About the author
I am Pierre Gaudriault, currently working at Cherry Biotech (Rennes, France) as R&D project manager. I obtained a PharmD in 2013 and then a PhD in 2016.
At the beginning of my scholarship, I wanted to enrol in the army. I clearly remember the day when everything changed: it was in a biology class, where for the very first time I looked at onion skin cells under a microscope. Suddenly the army was no longer an option. After this revelation, I designed my education route to better understand biology, with a particular focus on how the human body works. I then became passionate about how some chemicals might affect organs and human health, and so have been introduced into toxicology.
During my pharmaceutical study, I had this crazy idea to connect multiple mini-organs to better assess the chemical safety and prevent public health issues. I figured out a few years later that this idea wasn’t so crazy, as it was a totally new field of biology called organ-on-a-chip. I then pushed my knowledge on several organs cultured during ex vivo experiments during my PhD.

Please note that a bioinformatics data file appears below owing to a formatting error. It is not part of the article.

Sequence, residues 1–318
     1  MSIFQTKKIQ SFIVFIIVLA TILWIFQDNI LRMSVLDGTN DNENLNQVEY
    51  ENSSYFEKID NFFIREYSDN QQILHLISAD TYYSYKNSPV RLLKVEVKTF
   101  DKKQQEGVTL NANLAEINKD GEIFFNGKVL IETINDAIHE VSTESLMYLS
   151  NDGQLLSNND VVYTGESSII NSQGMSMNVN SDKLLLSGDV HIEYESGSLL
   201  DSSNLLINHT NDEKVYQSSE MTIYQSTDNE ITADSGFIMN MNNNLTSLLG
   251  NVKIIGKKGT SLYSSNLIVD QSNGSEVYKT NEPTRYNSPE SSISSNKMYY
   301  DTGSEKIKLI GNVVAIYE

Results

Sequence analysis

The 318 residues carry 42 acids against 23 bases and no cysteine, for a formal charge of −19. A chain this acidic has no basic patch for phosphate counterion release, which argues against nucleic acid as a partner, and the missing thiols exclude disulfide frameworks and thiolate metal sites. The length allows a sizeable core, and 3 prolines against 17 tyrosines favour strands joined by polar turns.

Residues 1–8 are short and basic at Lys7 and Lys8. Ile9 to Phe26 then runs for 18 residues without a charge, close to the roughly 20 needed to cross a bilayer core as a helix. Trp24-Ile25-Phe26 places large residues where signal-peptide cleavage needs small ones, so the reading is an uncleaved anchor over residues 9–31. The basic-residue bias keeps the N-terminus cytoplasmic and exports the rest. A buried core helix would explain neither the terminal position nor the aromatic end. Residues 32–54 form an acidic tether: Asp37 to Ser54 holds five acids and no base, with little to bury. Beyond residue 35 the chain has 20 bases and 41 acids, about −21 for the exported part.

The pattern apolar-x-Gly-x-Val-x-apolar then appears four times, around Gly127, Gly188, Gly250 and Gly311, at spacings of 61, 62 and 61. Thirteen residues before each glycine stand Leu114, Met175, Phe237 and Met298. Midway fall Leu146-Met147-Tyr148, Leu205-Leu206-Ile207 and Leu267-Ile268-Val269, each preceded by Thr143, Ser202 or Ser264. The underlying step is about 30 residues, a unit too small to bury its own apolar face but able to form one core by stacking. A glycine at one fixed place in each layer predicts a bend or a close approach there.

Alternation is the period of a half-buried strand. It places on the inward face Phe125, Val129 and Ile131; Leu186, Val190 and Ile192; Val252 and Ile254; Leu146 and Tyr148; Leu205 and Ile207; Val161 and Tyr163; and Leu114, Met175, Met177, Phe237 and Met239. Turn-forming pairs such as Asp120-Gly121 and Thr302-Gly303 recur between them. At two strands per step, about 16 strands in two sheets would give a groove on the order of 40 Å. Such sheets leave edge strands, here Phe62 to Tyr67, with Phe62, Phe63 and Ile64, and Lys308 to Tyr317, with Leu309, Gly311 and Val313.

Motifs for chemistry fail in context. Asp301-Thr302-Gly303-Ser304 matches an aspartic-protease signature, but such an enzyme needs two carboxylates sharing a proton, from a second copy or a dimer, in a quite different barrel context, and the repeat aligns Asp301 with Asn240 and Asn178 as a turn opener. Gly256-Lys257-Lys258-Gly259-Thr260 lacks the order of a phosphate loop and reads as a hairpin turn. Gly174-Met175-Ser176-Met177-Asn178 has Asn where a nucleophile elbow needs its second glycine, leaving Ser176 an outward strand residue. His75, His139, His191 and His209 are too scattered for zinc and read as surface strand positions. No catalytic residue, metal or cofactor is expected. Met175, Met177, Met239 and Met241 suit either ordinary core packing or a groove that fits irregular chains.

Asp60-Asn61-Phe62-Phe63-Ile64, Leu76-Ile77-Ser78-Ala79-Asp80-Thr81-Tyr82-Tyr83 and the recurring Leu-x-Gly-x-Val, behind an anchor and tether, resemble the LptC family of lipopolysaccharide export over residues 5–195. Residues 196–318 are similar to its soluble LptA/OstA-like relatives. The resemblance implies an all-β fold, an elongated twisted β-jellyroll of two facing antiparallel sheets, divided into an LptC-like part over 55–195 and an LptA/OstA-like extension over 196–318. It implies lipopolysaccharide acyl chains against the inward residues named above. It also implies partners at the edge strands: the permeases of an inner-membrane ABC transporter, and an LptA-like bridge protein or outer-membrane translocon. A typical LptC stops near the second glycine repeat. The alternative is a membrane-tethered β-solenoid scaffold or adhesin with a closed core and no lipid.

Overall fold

By sharing the conviction that organ-on-a-chip technology will be the next generation of in vitro devices, I joined Cherry Biotech’s R&D team. I am using my knowledge in physiology, toxicology, biology and organ culture to develop innovative devices dedicated to organ-on-a-chip technology.
R&D Project Manager
This article appears in issue two of Pan European Networks: Health, which is now available to read online.